Indian states: social parameters

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Karnataka, like Gujarat, lags in social parameters

Sujit John, TNN | Aug 17, 2013

The Times of India

BANGALORE: Karnataka has had a lost decade, says Prof Narendar Pani of the National Institute of Advanced Studies, Bangalore. This may sound bizarre to Bangaloreans who have lived through a period that has seen the most rapid rise in prosperity in the city's history. But, in many ways, Pani cannot be more correct.


Karnataka is a bit like Gujarat. Its social development has painfully lagged behind economic growth. And even the somewhat reasonable economic growth numbers are largely because of the growth in and around one location: Bangalore.

Social parameters

The number of people below the poverty line in Karnataka stands at 23.6%. This places the state at the 20th spot among 32 states and Union territories ranked in order of increasing poverty ratios. For comparison, among major states, Kerala's poverty ratio is 12 and Punjab's 15.9. The monthly per capita expenditure in rural areas, another measure of poverty, is lower in Karnataka than the all-India average.

The infant mortality rate - the number of deaths of children less than one year of age per 1,000 live births - stood at 35 in 2011, placing the state 19th among 35 states and Union territories ranked in order of increasing rates. In comparison, Kerala had an infant mortality rate of 12 and Tamil Nadu 22.

Nutrition deficiency among children in Karnataka is acute. A few years ago, about 40% of children up to age 3 in the state were underweight or stunted (too short for their age). In different measures of nutrition deficiency, Karnataka was placed 18th to 21st among 29 states and Union territories ranked in order of increasing deficiency percentages. Kerala and Tamil Nadu fared much better than Karnataka, and even Andhra Pradesh had a better record. In late 2011, the woman and child welfare department said that in Raichur district alone, 2,689 children died due to malnutrition in the previous two years.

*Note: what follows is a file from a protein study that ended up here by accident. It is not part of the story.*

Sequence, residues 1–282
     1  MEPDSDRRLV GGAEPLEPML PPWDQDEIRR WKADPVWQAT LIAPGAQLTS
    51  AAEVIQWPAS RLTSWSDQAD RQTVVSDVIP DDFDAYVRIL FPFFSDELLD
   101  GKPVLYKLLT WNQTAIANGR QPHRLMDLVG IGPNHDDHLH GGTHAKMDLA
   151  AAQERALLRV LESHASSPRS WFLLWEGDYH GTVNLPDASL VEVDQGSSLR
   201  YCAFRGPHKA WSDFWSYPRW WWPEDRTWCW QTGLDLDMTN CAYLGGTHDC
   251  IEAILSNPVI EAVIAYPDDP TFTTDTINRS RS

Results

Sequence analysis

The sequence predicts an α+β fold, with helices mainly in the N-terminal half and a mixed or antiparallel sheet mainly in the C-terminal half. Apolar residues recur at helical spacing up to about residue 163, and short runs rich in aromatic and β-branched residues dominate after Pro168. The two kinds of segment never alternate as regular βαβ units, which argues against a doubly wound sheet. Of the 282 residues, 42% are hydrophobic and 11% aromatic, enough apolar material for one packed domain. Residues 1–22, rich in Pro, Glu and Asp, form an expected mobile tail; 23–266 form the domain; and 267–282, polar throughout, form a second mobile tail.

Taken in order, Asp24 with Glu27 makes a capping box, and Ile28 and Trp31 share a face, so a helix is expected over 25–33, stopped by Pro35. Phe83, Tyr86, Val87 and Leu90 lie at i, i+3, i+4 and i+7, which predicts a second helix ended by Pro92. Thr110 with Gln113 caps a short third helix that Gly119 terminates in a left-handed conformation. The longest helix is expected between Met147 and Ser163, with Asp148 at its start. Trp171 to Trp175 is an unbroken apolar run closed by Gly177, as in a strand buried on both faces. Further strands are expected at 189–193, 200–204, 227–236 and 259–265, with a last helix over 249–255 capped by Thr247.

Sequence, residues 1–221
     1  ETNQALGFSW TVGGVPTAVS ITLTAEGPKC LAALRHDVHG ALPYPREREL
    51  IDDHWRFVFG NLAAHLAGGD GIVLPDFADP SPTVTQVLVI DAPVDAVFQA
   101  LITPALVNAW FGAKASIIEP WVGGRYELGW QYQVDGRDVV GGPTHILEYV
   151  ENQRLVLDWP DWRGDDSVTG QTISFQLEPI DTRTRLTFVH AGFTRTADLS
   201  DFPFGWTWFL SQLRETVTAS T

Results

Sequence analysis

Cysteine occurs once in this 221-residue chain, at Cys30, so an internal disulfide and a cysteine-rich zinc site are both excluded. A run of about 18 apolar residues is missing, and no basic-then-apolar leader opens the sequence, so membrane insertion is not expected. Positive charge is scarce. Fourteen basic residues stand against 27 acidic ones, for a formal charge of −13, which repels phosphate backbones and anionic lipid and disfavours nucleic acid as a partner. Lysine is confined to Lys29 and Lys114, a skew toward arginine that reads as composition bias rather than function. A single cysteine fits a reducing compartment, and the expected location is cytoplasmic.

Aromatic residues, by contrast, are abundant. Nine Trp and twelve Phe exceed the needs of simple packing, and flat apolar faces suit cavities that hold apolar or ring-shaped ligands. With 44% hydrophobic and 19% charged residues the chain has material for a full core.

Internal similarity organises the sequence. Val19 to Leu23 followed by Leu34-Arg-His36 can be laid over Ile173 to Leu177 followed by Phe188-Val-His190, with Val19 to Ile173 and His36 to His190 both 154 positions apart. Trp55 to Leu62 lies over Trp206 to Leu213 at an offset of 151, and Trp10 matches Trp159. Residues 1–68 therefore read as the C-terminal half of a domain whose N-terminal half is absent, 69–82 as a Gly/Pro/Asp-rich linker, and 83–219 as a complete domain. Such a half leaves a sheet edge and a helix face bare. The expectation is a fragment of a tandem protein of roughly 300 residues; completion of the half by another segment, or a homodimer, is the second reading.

D Muralidhar, former president of the Federation of Karnataka Chambers of Commerce & Industry (FKCCI), attributes the problem to the highly skewed development in Karnataka. "Bangalore accounts for over 56% of the state GDP. In Andhra Pradesh, the Hyderabad region accounts for a much lower 45%. Tamil Nadu, too, has a far better distribution of industry by region," he says.

Karnataka has failed singularly in spreading the fruits of Bangalore's development to the rest of the state. It remains one of the few states to have just one city, Bangalore, with more than 1 million people. Kerala has seven, Tamil Nadu has four, Andhra three and Maharashtra six.

" North Karnataka has been untouched by development. Even in a place like Shimoga (in central Karnataka), the facilities are so poor that no industry wants to go there," says Muralidhar.

Economic indices

Pani notes that manufacturing in Karnataka has collapsed. He attributes this to the government's failure to create opportunities for local capital, especially wealthy agriculturists, to move into industry. "Look at the Nadars (a landed entrepreneurial caste) in Tamil Nadu who are consistently generating capital for industry, or similar other new groups that are emerging in the state. In Karnataka, I can't remember the last group that made such investments. The government here is busy wooing industrialists from outside the state. But why would someone outside want to invest when locals themselves are not investing?" Pani says.

The state has a strong sericulture sector, but it's weakening. Pani says the state has done little to increase the quality of sericulture or to ensure investments in forward linkages so that the silk is used within the state for the manufacture of silk fabric.

Prof K Gayithri of the Institute for Social & Economic Change notes that Karnataka's per capita public investments in human and capital infrastructure have actually been high, almost on par with that of Tamil Nadu. "But our social indicators have in some cases worsened, even as those in Tamil Nadu have improved. Is it a problem of planning? Is it one of implementation? We really need to do a detailed study to understand where we are going wrong," she says.

Pani calls it an intellectual crisis. "The intelligentsia has failed Karnataka. The need, for instance, to transform rural capital into urban capital is not even part of our discussions," he says.

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